And this one time -- in Home Ec
Many years ago, in about 1963, I took Home Ec at Mark Twain Junior High School in San Antonio, Texas. It was not a happy time for anybody. The classes were divided up and for one semester we took cooking and the other semester we took sewing.
The "kitchen" class room was really sort of cute -- very 1940's with four "kitchens", each with a sink, cabinets, chrome tables with four chairs and a stove. There was a professional refrigerator for use by everybody. Each "kitchen" had dishes and supplies. Sounds like fun, right? For me, not so much. We had four kitchen mates and we would rotate duties on a weekly basis. I was fine with everything except lighting the oven. It was a gas oven that I am sure was there when my mother attended the same school. I would almost have anxiety attacks when I had to light the thing, with a match, so I made a deal with my friend Anne that she would light the stove when it was my turn and I would do whatever she was scheduled for. As a result, I grew up really disliking cooking. The teacher was a hoot, though, and she was also there when my mother was there, right along with the stove -- but that is another blog!
You probably can't imagine anything worse than 16 weeks of misery in a kitchen you were afraid of but there was something worse -- the sewing room. I didn't know much about sewing except what I learned watching my mother sew but I did recognize that the machines were old -- probably purchased when the stoves were -- and that the little, pleasant looking teacher was really a SewingNazi! We actually had to sew real clothes -- a blouse and a skirt. There was a pattern for the blouse that we bought from the teacher and the skirt was a gathered skirt that we just took measurements and sewed. I got through the blouse ok and we started on the skirt. Mine was made from some lovely yellow polished cotton fabric with white polka dots. I did a miserable job. The teacher got so mad at me she ripped it up, threw it at me and told me to take it home and do it over. My mother wasn't happy, to say the least. I won't repeat what she said but I remember it well -- let's just say that my little Mama turned into the MotherNazi. She remade the skirt, sent it back to school with me along with a message and the teacher never said so much as "boo" to me ever again. And, for years, that ended any desire I had to sew anything -- at all.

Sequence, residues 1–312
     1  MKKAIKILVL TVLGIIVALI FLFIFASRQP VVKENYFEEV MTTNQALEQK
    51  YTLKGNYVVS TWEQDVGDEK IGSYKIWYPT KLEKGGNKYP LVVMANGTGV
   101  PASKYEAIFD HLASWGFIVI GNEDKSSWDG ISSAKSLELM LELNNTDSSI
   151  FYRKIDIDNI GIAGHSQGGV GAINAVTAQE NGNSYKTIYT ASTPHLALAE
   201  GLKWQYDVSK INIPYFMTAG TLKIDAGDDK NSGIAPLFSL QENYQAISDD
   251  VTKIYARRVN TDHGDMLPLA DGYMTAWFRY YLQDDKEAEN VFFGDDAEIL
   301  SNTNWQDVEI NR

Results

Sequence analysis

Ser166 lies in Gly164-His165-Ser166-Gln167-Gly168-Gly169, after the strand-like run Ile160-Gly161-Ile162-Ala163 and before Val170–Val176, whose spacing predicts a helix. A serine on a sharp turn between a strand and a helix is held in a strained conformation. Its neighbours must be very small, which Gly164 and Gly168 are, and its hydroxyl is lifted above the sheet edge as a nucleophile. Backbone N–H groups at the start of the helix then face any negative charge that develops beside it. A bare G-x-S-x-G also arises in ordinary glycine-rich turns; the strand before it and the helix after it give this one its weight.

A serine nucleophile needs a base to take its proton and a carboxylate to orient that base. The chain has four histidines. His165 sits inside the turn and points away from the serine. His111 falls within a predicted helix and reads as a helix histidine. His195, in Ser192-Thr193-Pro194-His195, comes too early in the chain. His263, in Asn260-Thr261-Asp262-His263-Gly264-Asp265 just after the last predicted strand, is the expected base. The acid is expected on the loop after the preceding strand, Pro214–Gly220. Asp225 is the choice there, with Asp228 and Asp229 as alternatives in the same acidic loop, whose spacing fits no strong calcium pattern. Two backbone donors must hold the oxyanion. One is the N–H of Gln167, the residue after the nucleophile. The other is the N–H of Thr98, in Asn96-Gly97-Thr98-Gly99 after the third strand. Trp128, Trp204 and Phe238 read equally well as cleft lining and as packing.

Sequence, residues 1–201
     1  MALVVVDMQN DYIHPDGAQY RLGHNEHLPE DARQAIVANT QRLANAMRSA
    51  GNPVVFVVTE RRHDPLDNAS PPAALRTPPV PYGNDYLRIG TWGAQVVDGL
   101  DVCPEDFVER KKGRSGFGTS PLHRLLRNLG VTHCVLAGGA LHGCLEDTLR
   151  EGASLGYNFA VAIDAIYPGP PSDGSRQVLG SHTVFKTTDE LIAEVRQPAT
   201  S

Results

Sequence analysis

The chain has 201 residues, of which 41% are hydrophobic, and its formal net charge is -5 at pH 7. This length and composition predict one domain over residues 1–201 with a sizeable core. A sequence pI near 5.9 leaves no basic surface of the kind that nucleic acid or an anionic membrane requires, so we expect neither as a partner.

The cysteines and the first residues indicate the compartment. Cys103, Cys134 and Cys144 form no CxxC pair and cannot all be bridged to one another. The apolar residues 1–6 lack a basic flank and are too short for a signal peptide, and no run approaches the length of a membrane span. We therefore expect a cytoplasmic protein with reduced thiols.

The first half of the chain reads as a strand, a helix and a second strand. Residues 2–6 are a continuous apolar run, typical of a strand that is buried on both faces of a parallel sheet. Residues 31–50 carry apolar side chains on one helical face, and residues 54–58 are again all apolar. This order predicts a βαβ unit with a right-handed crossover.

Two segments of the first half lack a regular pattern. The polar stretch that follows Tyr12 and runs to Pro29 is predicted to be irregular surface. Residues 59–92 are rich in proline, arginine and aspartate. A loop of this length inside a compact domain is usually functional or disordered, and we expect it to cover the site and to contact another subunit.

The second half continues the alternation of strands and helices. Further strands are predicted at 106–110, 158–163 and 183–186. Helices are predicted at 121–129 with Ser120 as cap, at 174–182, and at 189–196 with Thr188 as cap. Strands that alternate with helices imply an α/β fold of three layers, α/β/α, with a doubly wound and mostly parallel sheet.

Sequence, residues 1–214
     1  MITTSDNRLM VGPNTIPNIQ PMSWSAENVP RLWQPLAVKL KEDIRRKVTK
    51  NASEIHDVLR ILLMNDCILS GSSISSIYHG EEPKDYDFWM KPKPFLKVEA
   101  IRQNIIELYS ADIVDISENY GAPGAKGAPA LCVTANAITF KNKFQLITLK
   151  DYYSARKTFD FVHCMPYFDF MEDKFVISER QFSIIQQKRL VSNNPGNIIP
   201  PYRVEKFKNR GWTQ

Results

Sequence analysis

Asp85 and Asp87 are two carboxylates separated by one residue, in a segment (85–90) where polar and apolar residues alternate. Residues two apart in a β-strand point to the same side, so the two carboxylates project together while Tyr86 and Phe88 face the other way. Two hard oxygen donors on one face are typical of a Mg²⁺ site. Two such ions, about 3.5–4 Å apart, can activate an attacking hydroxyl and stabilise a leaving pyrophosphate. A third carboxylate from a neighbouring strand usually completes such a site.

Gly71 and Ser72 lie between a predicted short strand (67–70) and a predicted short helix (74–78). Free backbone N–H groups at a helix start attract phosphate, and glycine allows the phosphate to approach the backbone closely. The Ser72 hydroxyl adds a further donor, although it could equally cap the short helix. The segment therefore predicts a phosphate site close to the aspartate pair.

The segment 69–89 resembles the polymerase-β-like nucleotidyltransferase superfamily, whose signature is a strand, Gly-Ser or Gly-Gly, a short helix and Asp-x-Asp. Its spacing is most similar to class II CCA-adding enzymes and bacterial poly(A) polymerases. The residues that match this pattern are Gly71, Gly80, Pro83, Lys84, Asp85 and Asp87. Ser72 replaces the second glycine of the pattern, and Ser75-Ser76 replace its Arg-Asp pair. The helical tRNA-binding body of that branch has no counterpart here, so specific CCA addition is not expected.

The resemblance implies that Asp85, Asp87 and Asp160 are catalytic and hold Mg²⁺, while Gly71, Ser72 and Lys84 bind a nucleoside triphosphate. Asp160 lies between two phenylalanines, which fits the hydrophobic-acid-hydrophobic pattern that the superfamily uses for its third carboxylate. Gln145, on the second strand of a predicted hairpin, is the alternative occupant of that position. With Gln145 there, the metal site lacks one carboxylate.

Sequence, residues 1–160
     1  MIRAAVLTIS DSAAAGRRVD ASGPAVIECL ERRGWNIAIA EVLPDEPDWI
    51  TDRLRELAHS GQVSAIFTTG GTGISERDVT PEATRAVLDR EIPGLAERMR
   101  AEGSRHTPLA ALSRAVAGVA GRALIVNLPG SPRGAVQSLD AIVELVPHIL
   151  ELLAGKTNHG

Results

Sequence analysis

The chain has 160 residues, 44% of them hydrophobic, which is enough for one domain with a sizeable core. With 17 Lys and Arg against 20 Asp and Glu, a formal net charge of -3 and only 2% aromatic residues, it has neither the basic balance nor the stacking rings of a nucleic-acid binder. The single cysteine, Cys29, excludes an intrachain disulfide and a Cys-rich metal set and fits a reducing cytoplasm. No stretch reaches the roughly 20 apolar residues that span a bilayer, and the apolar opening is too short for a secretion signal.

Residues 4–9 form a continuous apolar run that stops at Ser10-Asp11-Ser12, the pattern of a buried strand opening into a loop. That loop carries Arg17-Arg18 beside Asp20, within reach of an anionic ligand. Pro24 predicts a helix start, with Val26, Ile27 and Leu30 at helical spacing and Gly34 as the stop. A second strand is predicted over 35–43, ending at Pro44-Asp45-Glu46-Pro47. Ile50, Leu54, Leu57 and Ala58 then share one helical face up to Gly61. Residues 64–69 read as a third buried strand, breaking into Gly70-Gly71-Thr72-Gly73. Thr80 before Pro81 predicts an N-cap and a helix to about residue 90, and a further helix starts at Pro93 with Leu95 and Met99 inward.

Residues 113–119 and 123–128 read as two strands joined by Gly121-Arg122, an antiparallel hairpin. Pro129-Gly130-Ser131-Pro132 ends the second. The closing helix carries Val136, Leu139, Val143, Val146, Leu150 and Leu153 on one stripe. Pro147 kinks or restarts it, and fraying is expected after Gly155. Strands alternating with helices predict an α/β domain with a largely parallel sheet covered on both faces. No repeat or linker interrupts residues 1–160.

Then there was geometry. Let it just suffice to say I am mathematically dysfunctional so I chose to take plane geometry during summer school. I thought it would be better to ruin half a summer than a whole school year and I was right. The good thing was I got to see one of my best friends from 9th grade, Delphine, who went on to a different high school. The bad thing was we all had to take gamma globulin because Lois had mononucleosis! I got through it but I am not sure how.
So, where is all this back story going? Well, you wouldn't expect me to pour over cooking magazines, collect cookbooks or quilt, right? Well, I do. Anybody who has read this blog for a while knows that I have been quilting for years and have figured out ways to deal with all that geometry. I spent a long time sewing clothes for myself after high school -- I liked making dresses and skirts on occasion and I really enjoyed sewing clothes for my kids and oddly, I sewed more for my son than my daughter! However, I always had an interest in quilting and finally gave up garment sewing for quilting. I have done a lot of it but now I have had the opportunity to do a bit of sewing for my granddaughter.
I have been away from my blog for the last few weeks sewing a couple of things for the Bean. Not having bought a children's pattern in YEARS, I had to try a couple of things before I got it right but I finally hit on the correct size and managed to produce a reasonable Easter dress for our baby Bean. My daughter is very, VERY picky and very, VERY preppy -- her middle name should have been Lilly Pulitzer! So, I was really pleased, and relieved, when she thought the dress was perfect. So, here it is!
And here is the sweet Bean modeling it!
This was taken right after the Easter egg hunt at church yesterday -- she made quite a haul and even shared with a friend!
Oh, and about the stoves. About ten years after the disaster sewing/cooking year, I was working as an administrative secretary for the school district that I attended school in. Late one afternoon we got a call that there was a fire at Twain -- one of the stoves had exploded. This didn't surprise me. Not one bit.